Commonly referred to as “hacking,” cybercrime occurs when someone breaks into another person’s computer without consent, and it’s a widespread problem in the modern digital age. It is no surprise that hackers are always on the hunt for opportunities to break into computers to commit fraud or some other crime, considering the amount of sensitive and valuable information consumers and businesses store on their personal computers and electronic devices nowadays. Unsurprisingly, the Department of Justice has prosecuted a significantly growing number of cases against alleged hackers and cybercriminals each year, and two charges they often use to punish hackers and cybercriminals are computer fraud and internet fraud.
The most commonly used federal statute deployed by United States Attorneys in cases involving internet fraud are under the Computer Fraud and Abuse Act, 18 U.S.C. § 1030 for fraud and related activity in connection with computers.
Additionally, you might also see a charge brought under CAN-SPAM Act and under 18 U.S.C. § 1037 for the unlawful distribution of large amounts of unsolicited spam, or under 18 U.S.C. § 2701 for the unlawful use a computer to access another person’s “electronic communication service,” i.e. their email or voicemail.
There are two basic requirements for the government to prosecute a case under section 1030:
Recent amendments and enforcement policy have led to a broader interpretation of both of these requirements.
More specifically, a “protected computer” includes any computer connected to the internet, not merely government computers alone.
In other words, under this broader definition, a “protected computer” would very well likely include a computer provided to you by your employer, a computer in the public library, and a wide array of other electronic devices with internet access.
In the very same vein, “without authorization” is also defined broadly.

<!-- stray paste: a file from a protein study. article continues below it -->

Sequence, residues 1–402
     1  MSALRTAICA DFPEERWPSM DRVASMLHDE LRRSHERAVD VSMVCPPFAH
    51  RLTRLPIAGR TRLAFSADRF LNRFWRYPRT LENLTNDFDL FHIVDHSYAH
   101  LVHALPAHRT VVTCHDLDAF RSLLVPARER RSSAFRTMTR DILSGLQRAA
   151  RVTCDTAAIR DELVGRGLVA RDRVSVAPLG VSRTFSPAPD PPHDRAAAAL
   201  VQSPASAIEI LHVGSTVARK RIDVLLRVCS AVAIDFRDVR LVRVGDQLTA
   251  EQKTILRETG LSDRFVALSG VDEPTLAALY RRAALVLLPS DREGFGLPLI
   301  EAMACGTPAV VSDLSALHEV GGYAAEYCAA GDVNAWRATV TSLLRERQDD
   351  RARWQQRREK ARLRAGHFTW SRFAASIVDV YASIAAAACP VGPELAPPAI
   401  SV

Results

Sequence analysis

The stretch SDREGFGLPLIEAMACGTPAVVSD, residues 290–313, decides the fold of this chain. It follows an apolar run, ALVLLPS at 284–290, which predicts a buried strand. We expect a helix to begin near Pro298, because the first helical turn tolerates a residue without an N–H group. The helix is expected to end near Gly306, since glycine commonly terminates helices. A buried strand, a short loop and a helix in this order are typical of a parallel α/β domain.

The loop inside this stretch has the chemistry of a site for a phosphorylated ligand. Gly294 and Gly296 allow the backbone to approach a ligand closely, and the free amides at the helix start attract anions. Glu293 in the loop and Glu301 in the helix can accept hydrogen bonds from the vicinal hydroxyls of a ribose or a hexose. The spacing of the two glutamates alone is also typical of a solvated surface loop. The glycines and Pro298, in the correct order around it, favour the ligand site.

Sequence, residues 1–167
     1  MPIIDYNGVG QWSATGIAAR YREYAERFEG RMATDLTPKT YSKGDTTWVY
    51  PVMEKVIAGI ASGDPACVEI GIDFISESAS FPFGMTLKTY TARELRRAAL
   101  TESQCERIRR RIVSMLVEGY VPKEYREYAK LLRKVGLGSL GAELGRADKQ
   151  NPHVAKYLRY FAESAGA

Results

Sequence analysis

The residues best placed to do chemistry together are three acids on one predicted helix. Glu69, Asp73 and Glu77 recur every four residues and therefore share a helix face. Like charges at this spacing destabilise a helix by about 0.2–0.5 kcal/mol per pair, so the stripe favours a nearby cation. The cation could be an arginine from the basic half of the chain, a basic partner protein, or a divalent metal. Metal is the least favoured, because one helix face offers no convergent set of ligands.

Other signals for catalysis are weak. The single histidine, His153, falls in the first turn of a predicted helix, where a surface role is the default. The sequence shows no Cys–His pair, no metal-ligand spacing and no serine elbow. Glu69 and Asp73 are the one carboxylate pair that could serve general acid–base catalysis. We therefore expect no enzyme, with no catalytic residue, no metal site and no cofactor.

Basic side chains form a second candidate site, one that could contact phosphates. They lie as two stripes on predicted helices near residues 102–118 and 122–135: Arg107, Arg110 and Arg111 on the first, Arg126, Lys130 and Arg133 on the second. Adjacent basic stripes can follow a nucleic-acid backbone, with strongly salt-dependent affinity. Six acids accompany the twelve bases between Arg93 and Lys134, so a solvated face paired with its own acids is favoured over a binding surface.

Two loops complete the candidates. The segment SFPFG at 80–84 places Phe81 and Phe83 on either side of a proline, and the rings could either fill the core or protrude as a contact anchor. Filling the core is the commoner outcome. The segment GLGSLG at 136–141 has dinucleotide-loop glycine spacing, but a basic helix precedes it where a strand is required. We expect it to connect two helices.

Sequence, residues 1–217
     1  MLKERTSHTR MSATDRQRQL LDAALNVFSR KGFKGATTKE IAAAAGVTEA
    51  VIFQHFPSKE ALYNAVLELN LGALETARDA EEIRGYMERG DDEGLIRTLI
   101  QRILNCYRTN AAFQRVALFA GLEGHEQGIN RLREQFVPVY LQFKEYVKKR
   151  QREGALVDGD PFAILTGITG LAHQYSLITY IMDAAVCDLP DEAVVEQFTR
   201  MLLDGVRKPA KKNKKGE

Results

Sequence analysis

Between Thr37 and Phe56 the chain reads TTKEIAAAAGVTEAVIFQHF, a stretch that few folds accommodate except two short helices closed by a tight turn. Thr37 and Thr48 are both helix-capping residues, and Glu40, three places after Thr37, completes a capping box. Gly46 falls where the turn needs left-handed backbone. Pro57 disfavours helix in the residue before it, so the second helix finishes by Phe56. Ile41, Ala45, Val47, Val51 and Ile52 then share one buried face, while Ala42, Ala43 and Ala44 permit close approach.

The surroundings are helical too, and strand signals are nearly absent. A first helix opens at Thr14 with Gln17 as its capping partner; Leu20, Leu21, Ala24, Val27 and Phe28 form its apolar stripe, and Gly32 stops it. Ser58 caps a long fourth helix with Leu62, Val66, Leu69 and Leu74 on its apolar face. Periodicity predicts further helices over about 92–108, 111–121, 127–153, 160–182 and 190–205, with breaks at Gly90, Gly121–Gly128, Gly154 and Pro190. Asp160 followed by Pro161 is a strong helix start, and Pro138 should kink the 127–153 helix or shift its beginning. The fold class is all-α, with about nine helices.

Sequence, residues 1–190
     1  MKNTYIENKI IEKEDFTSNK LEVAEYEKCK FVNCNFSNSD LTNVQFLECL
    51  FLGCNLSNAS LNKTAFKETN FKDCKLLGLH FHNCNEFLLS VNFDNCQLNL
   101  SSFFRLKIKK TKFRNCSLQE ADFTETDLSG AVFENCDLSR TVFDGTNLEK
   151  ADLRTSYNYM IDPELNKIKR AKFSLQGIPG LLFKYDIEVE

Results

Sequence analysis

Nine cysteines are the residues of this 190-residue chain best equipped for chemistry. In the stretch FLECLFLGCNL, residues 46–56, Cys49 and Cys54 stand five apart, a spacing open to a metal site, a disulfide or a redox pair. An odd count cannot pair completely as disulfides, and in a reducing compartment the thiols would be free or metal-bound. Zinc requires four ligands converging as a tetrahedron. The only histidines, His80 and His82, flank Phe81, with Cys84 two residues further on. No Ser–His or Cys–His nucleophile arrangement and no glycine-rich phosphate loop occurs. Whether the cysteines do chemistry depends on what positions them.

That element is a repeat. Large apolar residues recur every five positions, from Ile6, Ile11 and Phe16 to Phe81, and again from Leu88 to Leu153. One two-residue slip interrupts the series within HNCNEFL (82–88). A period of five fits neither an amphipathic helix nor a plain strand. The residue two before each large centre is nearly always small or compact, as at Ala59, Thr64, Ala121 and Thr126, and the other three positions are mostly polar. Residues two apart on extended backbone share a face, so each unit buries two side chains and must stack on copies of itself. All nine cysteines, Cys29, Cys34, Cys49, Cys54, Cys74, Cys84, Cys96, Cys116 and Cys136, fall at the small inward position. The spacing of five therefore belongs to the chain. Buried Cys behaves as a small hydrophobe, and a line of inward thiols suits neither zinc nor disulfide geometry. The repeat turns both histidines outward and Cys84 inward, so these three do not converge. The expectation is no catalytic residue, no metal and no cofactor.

A person authorized to use a certain computer may still use it “without authorization” when their use “exceeds authorization,” or if their use is for an “improper purpose.”
That means if a person receives access to a work computer to do certain things, but later uses the work computer to do something that is not one of those things, like watching YouTube or checking social media, then they have technically committed a crime under section 1030.
Luckily, the Department of Justice is not concerned with prosecuting every single technical violation under section 1030, nor does it have the resources to do is if it were that overtly concerned.
For illustration, the majority of prosecutions under the Computer Fraud and Abuse Act generally fit into a few areas:
Importantly, the Computer Fraud and Abuse Act expressly empowers federal prosecutors to bring charges for attempts and conspiracies to commit violations under the act.
Examples of more common and everyday examples of conduct you might see federal prosecutors charge under the Computer Fraud and Abuse Act include:
The Federal Bureau of Investigation (FBI) and the Department of Justice (DOJ) are the most likely agencies investigating persons suspected of computer fraud and internet fraud, as these two are the main law enforcement agencies of the federal government.
Considering that charges may apply involve government computers, any part of the federal government might be involved in an investigation if the computer fraud or internet fraud involved their computers.
The punishments for computer fraud and internet fraud most often include an assessment of heavy fines and a term of imprisonment, but sentencing varies with each case’s unique set of facts, the presiding judge, and factors considered under the federal sentencing guidelines, which you can read more about here.
Yes, violations under section 1030, section 1037 and under 2701 can be prosecuted as felonies under federal law.
At the same time, however, a violation under 1030 may be prosecuted as a misdemeanor depending on the motivations for the computer misconduct, but any violation resulting in a loss above $5,000 would be charged as a felony.
The maximum term of imprisonment for computer fraud and internet fraud under section 1030 largely depends on the nature of the misconduct and its resulting harm.